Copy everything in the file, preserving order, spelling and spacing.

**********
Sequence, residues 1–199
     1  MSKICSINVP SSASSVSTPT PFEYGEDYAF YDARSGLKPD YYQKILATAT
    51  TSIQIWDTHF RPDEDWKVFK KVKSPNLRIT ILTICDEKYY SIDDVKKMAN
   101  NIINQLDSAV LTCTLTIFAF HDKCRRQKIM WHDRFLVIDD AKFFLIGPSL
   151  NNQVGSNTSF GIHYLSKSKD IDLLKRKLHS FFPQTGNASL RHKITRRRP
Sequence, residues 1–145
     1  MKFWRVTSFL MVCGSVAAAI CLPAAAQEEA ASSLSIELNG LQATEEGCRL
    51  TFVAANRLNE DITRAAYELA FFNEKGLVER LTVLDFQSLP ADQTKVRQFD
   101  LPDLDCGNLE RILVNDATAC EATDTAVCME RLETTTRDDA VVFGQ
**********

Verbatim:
Sequence, residues 1–199
     1  MSKICSINVP SSASSVSTPT PFEYGEDYAF YDARSGLKPD YYQKILATAT
    51  TSIQIWDTHF RPDEDWKVFK KVKSPNLRIT ILTICDEKYY SIDDVKKMAN
   101  NIINQLDSAV LTCTLTIFAF HDKCRRQKIM WHDRFLVIDD AKFFLIGPSL
   151  NNQVGSNTSF GIHYLSKSKD IDLLKRKLHS FFPQTGNASL RHKITRRRP
Sequence, residues 1–145
     1  MKFWRVTSFL MVCGSVAAAI CLPAAAQEEA ASSLSIELNG LQATEEGCRL
    51  TFVAANRLNE DITRAAYELA FFNEKGLVER LTVLDFQSLP ADQTKVRQFD
   101  LPDLDCGNLE RILVNDATAC EATDTAVCME RLETTTRDDA VVFGQ